1. Keep your dialogue as close to "natural" conversation as you can. Normally, that's fairly choppy. The sentences aren't too long.
    - Richard Rohmer, How to Write a Best Seller, p. 49

    Stan, it's hard to tell - and the eyes do glaze over - but if you reread you'll see that it's Boychuk who delivers the dissertation on submarines and geopolitics. This is in response to Raisa "teasingly" raising the subject (p. 73), and continues after Palmer makes his lame-ass joke about the GIN gap (p. 74), The howler is that at the end of it all we get this:

    Inspector Boychuck was anxious to get going. "Enough of this submarine-and-whale chatter. We have to find four of Shalaurov's cairns today. It's going to be a long haul. Are we all set?"

    Jeez, we could've left twenty minutes ago.

    The thing to take away is that the Soviets think of the Arctic Ocean as theirs. The other stuff is there to add three pages to what would otherwise be a 164-page book (maps included). I also think that Rohmer hates to pay for research and then not use it.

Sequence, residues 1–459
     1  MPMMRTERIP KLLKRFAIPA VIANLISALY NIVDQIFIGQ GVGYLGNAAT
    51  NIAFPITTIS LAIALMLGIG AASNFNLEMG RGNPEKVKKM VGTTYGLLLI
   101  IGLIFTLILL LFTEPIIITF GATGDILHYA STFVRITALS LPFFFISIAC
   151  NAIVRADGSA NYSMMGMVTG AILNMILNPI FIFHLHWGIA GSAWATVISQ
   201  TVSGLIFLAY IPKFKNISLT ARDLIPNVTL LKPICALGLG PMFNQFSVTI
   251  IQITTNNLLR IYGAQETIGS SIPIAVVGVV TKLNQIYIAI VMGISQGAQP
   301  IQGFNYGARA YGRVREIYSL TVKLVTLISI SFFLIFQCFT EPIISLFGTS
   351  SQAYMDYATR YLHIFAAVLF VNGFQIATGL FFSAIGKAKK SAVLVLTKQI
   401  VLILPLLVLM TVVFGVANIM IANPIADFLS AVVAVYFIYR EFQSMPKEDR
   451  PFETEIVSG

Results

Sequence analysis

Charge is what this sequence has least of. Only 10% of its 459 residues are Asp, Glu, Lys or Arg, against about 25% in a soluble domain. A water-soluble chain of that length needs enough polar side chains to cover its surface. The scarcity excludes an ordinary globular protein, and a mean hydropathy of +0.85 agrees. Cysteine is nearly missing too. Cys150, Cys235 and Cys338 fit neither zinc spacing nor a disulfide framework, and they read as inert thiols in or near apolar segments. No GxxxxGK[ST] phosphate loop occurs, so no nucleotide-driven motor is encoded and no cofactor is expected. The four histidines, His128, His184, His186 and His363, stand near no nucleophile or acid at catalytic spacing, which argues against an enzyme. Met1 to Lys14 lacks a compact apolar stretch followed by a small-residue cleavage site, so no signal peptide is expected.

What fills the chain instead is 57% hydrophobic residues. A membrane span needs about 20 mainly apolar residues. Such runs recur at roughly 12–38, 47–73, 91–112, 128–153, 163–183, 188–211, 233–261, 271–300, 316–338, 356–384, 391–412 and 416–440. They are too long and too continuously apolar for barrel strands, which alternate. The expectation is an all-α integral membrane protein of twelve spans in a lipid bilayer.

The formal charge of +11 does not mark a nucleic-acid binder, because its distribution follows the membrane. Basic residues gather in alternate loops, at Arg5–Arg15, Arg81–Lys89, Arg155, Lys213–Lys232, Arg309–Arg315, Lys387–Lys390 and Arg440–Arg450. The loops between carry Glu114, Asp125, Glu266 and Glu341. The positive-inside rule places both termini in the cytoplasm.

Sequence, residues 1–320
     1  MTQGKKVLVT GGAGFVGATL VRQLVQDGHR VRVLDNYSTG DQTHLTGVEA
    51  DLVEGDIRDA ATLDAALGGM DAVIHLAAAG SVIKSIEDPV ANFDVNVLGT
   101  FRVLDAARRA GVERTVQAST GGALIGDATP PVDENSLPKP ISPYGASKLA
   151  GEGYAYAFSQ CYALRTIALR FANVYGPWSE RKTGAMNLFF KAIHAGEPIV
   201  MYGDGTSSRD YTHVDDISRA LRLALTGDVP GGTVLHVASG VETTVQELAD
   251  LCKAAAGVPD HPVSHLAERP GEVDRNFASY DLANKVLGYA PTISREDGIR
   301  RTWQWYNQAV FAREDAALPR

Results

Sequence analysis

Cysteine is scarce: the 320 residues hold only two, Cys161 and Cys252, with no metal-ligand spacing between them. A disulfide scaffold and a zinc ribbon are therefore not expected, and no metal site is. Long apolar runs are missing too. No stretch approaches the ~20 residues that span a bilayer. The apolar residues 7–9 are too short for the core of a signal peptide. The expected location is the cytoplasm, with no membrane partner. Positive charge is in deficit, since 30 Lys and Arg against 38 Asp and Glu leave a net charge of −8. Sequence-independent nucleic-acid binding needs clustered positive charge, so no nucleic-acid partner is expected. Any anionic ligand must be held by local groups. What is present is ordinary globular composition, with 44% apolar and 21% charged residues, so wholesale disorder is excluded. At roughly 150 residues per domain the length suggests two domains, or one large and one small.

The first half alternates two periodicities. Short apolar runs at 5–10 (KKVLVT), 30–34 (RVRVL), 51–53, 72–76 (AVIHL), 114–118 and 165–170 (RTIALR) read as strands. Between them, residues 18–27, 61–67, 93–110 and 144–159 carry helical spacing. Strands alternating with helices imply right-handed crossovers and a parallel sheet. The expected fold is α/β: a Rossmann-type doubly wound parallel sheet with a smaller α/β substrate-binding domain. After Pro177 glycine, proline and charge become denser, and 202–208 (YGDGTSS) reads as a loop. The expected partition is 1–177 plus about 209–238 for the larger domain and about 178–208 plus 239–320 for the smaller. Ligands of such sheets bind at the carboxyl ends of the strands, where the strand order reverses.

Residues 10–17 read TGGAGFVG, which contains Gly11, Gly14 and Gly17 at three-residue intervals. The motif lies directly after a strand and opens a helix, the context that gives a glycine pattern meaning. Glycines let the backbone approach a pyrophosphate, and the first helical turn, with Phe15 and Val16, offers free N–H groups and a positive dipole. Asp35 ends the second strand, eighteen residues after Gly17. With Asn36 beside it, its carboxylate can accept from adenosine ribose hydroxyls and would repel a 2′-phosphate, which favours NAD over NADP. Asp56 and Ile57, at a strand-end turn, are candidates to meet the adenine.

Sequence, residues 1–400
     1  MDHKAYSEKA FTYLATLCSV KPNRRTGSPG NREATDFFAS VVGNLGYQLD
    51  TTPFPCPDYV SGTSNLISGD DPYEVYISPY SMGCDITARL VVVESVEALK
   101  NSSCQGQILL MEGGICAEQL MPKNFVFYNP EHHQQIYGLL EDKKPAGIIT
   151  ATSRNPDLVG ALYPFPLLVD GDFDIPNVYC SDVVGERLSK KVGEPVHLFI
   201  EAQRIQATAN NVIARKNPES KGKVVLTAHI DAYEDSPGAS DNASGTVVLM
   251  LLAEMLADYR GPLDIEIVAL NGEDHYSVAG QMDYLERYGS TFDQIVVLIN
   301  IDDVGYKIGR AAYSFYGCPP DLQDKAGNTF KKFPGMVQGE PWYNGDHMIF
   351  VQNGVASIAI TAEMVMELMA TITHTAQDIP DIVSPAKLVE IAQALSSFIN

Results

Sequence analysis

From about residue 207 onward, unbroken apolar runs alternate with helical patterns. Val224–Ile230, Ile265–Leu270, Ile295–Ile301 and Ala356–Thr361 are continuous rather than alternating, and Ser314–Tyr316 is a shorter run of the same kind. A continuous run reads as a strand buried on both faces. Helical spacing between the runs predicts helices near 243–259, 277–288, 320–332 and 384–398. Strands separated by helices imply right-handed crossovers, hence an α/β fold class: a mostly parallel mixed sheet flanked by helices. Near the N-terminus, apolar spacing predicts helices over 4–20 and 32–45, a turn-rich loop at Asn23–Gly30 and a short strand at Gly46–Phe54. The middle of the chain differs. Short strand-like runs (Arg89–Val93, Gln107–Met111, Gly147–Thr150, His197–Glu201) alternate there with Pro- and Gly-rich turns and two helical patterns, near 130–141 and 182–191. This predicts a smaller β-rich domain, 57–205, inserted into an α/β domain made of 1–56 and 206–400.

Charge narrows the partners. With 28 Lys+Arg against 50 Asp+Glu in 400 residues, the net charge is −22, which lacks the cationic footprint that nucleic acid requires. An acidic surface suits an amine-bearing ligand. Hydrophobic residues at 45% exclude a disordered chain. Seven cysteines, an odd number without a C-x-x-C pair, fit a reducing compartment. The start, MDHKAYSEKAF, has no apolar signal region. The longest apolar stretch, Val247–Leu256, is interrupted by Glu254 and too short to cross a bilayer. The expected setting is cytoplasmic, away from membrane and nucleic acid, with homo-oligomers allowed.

Thoughts on your random thoughts:

    - "Mother Russia" goes and in hand with "vodka". I note the latter appears four times on page 54. That's got to be a record, right?

    - Naming Mikhail Akhromeyev allows for the lame joke that has the Politburo in stitches.

    - On the subject of titles, why all this discussion about naming operations?

    "Would the name 'Operation Red Arctic' be too descriptive, to close to the point?"

    Marshal Akhromeyev thought about that for a moment, then said enthusiastically, "I think it's a good name…"

    Truth is, it's a crap name. There's a reason why Operation Neptune was called Operation Neptune and not Operation Allies in Normandy. You'd think the chief of the defence staff would know this.

  2. Brian - right you are, it's Boychuk delivering that geography lesson on page 75. Luckily, it doesn't change my point - someone is always talking like this.

    The stupid thing is, I thought I double-checked and got it wrong anyway.